The State of Child Labour in 2021

There’s no doubt that 2020 was a year in which the global community faced unprecedented challenges. So as we transition into 2021 – which was declared the International Year for the Elimination of Child Labour – and draw closer to the UN’s ambitious goal (target 8.7) of ending child labour in all its forms by 2025, now is a critical time to reflect on the current state of child labour, as well as the challenges posed by the COVID-19 pandemic.

Defining child labour

While child labour may seem a straightforward concept, defining child labour can be a challenging task. The International Labour Organisation (ILO) defines child labour as work that:

“is mentally, physically, socially or morally dangerous and harmful to children; and/or interferes with their schooling by depriving them of the opportunity to attend school; obliging them to leave school prematurely; or requiring them to attempt to combine school attendance with excessively long and heavy work.” (ILO)

The ILO notes not all work done by children is necessarily child labour targeted for elimination. ‘Light Work’, work that does not affect a child’s health, personal development or interfere with their schooling, is permitted to be carried out by children aged 12 years or older. (ILO)

Additionally, activities like helping parents around the home with chores or earning pocket money outside school hours, can be beneficial to a child’s development and help prepare them to be productive members of society during their adult life. 

What differentiates child labour is that it is work that deprives children of their childhood, their potential and their dignity, and that is harmful to their physical and mental development.

The very worst forms of child labour can involve enslavement; separation from their families; exposure to serious hazards and illnesses; and children being left to fend for themselves on the streets of large cities – often at a very early age. 

How many children are in child labour?

According to the current research, taken from the ILO’s 2016 report Global Estimates of Child Labour, there are 152 million children aged 5-17 years in child labour, with boys making up 58% and girls, 42%.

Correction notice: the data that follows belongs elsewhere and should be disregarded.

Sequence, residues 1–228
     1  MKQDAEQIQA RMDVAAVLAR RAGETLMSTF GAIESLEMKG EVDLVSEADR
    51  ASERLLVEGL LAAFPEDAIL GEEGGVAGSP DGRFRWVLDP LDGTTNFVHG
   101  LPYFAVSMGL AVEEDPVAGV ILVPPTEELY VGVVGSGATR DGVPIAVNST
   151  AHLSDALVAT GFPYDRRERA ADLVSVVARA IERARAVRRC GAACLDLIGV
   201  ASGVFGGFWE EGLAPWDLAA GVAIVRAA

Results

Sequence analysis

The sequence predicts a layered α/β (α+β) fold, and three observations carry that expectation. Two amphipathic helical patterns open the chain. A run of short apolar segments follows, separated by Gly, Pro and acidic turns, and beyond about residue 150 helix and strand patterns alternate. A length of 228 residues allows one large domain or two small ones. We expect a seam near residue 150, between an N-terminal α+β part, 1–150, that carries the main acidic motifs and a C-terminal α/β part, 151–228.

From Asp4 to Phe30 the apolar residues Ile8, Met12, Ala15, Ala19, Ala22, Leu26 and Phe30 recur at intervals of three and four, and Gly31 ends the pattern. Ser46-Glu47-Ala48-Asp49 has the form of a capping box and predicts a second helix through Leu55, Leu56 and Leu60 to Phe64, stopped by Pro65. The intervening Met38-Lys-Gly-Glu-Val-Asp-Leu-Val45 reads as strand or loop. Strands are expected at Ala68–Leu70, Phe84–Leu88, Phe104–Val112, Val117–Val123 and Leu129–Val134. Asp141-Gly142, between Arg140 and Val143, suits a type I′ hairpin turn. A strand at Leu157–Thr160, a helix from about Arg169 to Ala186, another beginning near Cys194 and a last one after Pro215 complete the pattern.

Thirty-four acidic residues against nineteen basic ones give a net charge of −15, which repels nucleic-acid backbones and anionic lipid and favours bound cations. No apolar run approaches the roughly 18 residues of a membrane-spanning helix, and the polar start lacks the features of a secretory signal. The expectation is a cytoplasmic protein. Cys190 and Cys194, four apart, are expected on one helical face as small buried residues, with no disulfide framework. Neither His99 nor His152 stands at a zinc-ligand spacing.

Of that number, 73 million are in hazardous work. This encompasses work that “exposes to children to physical, psychological or sexual abuse; work in a dangerous or unhealthy environment and work under particularly difficult conditions, such as work for long hours or during the night or work where the child is unreasonably confined to the premises of the employer.” (ILO)

According to the ILO’s 2017 report, around 19 million of those children in hazardous work are aged only 5-11 years old.

Where is child labour most prevalent?

Child labour is most prevalent in low-income countries, with around 19% of children in low-income countries working in child labour. However, it is by no means an exclusively low-income country problem. 9% of children in lower-middle-income countries, 7% of children in upper-middle-income countries, and 1% of children in upper-income countries are also in child labour. 

Expressed in absolute terms, 84 million children in child labour – accounting for over half of all those in child labour – actually live in middle-income countries, with additional 2 million living in high-income countries. 

The agricultural sector accounts for the largest share of child labour, with 71% of all those in child labour – 108 million children – carrying out work in areas such as subsistence and commercial farming and livestock herding. By its very nature, this type of work tends to be hazardous and requires children to work in dangerous circumstances and conditions. 

The number of children working in the services and industry sectors is around 26 million and 18 million, respectively. However, these sectors are likely to become more relevant in some regions in the future in the face of forces such as climate change displacing families from their farms and into cities.

How has Covid-19 impacted child labour?

While the full impact and length of the Coronavirus pandemic, and how people from different communities around the world will be affected, still remains uncertain, some of the fallout is already clear. 

The COVID-19 outbreak has increased economic insecurity, profoundly disrupted supply chains and halted manufacturing, all of which have significant implications for child labour. 

As economies contract and workers face redundancies or pay cuts, families dealing with financial hardship might be forced to send their children to work just to make ends meet. Similarly, economic uncertainty may make some companies only willing to pay child workers, as they are cheaper labour than adults.

Furthermore, experience from similar crisis situations, such as the 2014 Ebola epidemic, has shown that these factors can play a particularly strong role in exacerbating the risk to children being forced into work.

Going forward…

A complex and nuanced issue, child labour is the combined product of various factors, including low household income and economic deprivation, lack of access to education, lack of work opportunities for adults and adolescents, migration, and emergencies.

It is not only a cause, but also a consequence of both social and financial inequalities, which in turn have been aggravated by the current pandemic. 

In the year ahead, the International Labour Organisation is due to release a new report updating these Global Estimates on child labour, and in light of the COVID-19 crisis, more up to date and comprehensive data  on the prevalence of child labour around the globe is urgently needed.